Regional Arts & Culture Council

In Brief: Visual Chronicle wants you

Portland's collection of visual history is looking to expand; grants for emerging artists; Chinatown Museum reschedules exhibitions

Time’s running short for Portland artists to throw their hats in the ring to add their work this year to The Visual Chronicle of Portland: Deadline for submission is 5 p.m. Wednesday, May 27. A second, broader opportunity open to artists in Oregon and Southwest Washington, Support Beam, offers a little more breathing room: Its application deadline is 5 p.m. Wednesday, June 3. Information on both is available here from the Regional Arts & Culture Council.

Willow Zheng, “Classical Chinese Garden, Portland, Oregon III,” Chinese watercolor and ink, 2002; collection of the Visual Chronicle of Portland.

Support Beam, with an overall budget of $70,000, is intended to support works of art created by emerging artists over a period of three to six months. Individual grants will be between $3,000 and $5,000. The Visual Chronicle funding is for direct purchase of pieces to add to the City of Portland’s collection of works on paper that chronicle the life and identity of the city. Total budget for this year’s additions is $15,000, and no individual piece can be priced higher than $1,000. Eligible artists may apply for either or both awards.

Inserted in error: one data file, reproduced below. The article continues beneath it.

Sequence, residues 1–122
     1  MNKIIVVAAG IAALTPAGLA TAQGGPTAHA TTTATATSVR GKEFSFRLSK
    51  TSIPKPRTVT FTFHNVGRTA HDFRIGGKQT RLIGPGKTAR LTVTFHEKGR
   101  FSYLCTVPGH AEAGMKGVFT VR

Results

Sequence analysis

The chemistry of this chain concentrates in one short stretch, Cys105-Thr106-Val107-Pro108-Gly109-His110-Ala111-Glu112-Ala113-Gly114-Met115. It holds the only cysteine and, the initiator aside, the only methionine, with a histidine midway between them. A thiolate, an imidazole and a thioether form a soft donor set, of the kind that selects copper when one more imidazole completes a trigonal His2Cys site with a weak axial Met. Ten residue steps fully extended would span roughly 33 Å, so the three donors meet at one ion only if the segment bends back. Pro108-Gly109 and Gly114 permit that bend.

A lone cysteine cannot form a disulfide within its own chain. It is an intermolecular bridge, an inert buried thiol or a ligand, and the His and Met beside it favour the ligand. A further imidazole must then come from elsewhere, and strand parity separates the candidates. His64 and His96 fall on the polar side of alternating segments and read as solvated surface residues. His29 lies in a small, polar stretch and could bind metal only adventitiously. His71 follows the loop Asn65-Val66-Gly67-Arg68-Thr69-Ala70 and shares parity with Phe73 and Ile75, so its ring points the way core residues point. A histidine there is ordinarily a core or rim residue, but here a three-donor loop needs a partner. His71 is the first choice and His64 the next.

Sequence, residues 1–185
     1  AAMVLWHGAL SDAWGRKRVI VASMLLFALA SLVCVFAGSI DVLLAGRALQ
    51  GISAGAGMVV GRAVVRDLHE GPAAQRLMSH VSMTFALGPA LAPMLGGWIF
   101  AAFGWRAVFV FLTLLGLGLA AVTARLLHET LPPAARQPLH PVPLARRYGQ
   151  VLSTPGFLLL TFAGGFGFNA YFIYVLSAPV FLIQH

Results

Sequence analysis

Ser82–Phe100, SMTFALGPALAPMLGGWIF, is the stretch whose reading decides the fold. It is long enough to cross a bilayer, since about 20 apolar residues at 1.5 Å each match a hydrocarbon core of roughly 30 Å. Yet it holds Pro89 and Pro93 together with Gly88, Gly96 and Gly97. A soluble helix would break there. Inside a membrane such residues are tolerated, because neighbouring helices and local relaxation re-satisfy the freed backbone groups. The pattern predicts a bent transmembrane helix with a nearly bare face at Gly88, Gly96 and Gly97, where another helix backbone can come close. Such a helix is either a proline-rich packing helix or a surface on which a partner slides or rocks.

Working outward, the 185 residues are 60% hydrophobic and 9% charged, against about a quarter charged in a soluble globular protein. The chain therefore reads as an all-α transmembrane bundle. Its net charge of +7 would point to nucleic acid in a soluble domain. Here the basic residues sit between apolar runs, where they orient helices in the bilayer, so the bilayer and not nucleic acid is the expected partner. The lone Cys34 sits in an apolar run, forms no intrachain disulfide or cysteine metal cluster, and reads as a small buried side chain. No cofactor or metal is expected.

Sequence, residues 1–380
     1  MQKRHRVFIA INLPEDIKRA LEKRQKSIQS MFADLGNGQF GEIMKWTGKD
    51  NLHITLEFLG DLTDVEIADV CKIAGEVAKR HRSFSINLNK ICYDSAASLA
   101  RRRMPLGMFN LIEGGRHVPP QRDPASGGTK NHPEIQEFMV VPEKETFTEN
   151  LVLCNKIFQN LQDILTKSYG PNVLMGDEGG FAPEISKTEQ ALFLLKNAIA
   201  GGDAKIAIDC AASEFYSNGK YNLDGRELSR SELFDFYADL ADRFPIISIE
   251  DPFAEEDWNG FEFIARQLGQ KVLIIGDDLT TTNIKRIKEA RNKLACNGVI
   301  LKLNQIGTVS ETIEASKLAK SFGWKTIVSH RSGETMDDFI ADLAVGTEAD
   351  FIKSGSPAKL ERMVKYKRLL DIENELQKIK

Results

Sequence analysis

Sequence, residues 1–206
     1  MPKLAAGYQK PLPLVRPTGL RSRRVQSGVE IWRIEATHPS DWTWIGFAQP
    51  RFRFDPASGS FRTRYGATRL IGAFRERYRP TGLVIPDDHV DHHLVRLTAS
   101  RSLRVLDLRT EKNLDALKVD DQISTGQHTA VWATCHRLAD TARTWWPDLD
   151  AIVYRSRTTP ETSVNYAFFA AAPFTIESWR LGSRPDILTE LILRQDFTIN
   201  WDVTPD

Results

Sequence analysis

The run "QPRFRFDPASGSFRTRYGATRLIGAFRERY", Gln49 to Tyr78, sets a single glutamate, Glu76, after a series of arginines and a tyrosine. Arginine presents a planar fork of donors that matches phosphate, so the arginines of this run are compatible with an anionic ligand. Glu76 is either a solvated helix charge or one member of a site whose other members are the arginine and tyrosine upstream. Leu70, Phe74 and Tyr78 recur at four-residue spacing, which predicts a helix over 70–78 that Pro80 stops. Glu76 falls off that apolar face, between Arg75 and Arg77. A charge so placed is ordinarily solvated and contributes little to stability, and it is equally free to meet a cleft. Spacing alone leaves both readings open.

Friday coronavirus arts news roundup

A news update about the relief efforts for artists and arts organizations in Oregon

The country’s chief executive revels in the ratings for his crazy coronavirus briefings in D.C. Meanwhile, the rest of us deal with the pandemic itself, trying to protect our health and scrape together enough money for the culture to keep from falling into a deep state of dormancy. Sorry, but that’s about as jolly as this roundup of arts news in Oregon is likely to get. Well, maybe there ARE some glimmers.

In case you missed it, yesterday I talked to Brian Rogers, the director of the Oregon Cultural Trust and the Oregon Arts Commission, about what he was seeing out there and the status of the emergency fund the Cultural Trust is assembling. Not to mention how much of that woefully inadequate $75 million the Congress allocated for the National Endowment for the Arts is coming to Oregon. The short answers: “pretty grim,” waiting for approval from the next session of the Oregon legislature, and not much.